there is a word trail, a host of new computer-based methods can follow it.
Shakespeare, Confucius, authors of ancient religious texts, politicians, and
novelists have left behind a mind-boggling number of words that scholars from
all disciplines can now study with new eyes and unprecedented tools.
Although the analysis of language is the focus of this book, it is really a
work of psychology. Whereas linguists are primarily interested in language for
its own sake, I’m interested in what people’s words say about their psychological
states. Words, then, can be thought of as powerful tools to excavate people’s
thoughts, feelings, motivations, and connections with others. With advancements
in computer technologies, this approach is informing a wide range of scholars
across many disciplines—linguists, sociolinguists, English scholars,
anthropological linguists, neuroscientists, psycholinguists, developmentalists,
computer scientists, computational linguists, and others. Some of the most
innovative work is now coming from collaborations between academics of all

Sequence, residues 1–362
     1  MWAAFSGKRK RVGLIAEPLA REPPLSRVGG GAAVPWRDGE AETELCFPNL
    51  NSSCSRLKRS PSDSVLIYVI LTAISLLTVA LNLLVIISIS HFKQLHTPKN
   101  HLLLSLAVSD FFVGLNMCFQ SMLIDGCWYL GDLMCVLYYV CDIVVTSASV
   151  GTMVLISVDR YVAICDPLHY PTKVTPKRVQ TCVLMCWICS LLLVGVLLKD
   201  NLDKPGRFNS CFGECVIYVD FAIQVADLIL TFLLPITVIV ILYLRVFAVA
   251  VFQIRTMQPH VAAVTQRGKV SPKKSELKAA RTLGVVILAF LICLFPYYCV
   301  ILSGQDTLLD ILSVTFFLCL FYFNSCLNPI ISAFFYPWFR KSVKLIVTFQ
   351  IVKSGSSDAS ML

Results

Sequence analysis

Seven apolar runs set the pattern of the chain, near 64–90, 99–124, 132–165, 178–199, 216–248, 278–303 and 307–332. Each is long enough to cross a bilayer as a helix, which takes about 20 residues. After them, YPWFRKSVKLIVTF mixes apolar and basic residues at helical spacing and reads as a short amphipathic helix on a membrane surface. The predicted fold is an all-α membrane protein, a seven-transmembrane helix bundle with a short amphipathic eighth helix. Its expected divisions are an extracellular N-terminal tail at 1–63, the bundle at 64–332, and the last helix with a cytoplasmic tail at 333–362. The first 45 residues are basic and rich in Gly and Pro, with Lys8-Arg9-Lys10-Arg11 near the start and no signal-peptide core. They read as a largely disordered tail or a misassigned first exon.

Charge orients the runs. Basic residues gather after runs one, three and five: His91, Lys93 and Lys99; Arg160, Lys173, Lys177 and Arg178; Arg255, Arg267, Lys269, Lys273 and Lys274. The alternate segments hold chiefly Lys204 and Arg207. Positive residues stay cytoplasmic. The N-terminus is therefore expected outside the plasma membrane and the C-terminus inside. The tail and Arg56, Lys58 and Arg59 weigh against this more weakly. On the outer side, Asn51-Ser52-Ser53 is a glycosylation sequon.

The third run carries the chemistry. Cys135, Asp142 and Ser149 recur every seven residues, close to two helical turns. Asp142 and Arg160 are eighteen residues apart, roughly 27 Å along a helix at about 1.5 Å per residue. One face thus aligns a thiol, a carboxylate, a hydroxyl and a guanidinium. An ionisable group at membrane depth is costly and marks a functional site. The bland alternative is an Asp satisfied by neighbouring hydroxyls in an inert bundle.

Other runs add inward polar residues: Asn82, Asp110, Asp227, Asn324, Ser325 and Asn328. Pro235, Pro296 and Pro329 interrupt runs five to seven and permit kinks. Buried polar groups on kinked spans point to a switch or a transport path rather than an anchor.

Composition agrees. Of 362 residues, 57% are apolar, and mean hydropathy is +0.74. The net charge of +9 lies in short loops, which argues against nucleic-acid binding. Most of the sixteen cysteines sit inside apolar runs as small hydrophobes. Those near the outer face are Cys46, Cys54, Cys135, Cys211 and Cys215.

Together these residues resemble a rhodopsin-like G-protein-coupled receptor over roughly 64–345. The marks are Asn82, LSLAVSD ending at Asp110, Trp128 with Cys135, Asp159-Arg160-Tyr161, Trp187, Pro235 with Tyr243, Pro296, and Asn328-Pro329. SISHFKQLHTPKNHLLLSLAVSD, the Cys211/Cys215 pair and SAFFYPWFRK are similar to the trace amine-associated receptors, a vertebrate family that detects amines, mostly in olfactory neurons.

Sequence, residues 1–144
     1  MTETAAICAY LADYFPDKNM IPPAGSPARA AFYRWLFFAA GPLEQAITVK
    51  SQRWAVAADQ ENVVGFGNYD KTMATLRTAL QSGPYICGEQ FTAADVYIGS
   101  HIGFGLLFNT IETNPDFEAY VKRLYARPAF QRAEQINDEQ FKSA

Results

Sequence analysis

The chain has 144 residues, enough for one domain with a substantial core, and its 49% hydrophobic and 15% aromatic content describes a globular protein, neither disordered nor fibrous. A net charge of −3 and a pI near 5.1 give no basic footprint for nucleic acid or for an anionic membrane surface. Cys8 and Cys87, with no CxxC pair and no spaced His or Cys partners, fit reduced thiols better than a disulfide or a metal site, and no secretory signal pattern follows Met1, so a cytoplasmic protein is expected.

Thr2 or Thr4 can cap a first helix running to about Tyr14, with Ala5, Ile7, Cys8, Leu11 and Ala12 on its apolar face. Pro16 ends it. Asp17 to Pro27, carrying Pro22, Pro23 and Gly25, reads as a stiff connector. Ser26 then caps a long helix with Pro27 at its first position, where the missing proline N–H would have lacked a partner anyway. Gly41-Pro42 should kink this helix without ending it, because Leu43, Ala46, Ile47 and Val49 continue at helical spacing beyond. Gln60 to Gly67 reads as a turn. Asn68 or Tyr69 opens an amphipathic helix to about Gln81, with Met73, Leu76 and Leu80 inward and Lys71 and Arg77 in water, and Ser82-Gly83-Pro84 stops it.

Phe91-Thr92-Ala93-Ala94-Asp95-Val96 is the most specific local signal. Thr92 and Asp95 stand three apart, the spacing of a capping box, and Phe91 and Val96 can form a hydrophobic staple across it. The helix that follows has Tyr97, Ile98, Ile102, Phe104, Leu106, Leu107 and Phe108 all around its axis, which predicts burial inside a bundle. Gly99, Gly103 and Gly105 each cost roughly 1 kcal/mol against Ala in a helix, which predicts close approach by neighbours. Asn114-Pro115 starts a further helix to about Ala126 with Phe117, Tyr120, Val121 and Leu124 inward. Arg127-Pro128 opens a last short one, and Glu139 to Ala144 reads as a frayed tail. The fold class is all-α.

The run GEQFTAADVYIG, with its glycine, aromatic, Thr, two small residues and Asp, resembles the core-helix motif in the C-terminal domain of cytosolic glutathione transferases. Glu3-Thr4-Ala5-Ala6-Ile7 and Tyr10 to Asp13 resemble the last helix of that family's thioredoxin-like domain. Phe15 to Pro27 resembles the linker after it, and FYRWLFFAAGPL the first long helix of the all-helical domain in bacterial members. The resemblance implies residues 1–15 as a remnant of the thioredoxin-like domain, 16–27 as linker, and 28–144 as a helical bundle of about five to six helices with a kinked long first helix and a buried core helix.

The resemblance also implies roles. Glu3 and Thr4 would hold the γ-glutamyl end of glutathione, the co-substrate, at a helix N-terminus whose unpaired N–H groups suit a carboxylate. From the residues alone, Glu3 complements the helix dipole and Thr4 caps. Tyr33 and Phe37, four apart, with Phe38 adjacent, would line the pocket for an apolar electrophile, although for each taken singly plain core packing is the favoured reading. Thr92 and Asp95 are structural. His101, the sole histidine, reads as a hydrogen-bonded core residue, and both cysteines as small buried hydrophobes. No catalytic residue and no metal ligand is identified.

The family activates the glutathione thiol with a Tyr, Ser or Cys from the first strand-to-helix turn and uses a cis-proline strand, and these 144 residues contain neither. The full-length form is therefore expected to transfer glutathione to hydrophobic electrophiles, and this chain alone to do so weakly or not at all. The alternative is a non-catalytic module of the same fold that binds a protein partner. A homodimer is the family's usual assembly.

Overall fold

stripes and companies such as Google.
If you are interested in the topics or approach of this book, there are a
handful of very bright thinkers and writers whose work is accessible to a wide
audience. Some who have influenced my approach the most include the
sociologist Erving Goffman, the linguist George Lakoff, the cognitive scientist
Steven Pinker, the sociolinguist Deborah Tannen, and the anthropologist Anna
The contributions of many others have directly affected my thinking about the fundamental connections between word use and psychological state. Freud’s
early work on slips of the tongue marked the first psychological
acknowledgment that unintended words that pop out of our mouths can reveal
hidden thoughts and feelings. Later psychoanalysts, such as Louis Gottschalk
and Walter Weintraub, provided road maps on how to link seemingly innocuous
words to deeper motivations and fears that patients were expressing.